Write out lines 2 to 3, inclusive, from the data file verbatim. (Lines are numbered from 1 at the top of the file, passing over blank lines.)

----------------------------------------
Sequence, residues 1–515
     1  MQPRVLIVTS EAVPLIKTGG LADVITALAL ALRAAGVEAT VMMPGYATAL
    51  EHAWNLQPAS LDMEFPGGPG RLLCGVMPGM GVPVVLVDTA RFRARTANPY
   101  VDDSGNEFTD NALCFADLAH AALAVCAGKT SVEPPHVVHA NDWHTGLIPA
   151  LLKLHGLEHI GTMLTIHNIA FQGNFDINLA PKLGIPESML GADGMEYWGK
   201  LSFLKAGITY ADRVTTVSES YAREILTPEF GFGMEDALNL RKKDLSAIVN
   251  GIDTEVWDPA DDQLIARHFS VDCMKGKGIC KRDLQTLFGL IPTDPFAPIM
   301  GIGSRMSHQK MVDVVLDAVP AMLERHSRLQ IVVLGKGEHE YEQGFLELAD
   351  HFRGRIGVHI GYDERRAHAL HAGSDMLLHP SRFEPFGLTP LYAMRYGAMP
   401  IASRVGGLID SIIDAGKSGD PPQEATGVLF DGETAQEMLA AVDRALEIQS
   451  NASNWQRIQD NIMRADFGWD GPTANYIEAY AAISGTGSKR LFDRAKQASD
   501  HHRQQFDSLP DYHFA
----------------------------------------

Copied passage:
     1  MQPRVLIVTS EAVPLIKTGG LADVITALAL ALRAAGVEAT VMMPGYATAL
    51  EHAWNLQPAS LDMEFPGGPG RLLCGVMPGM GVPVVLVDTA RFRARTANPY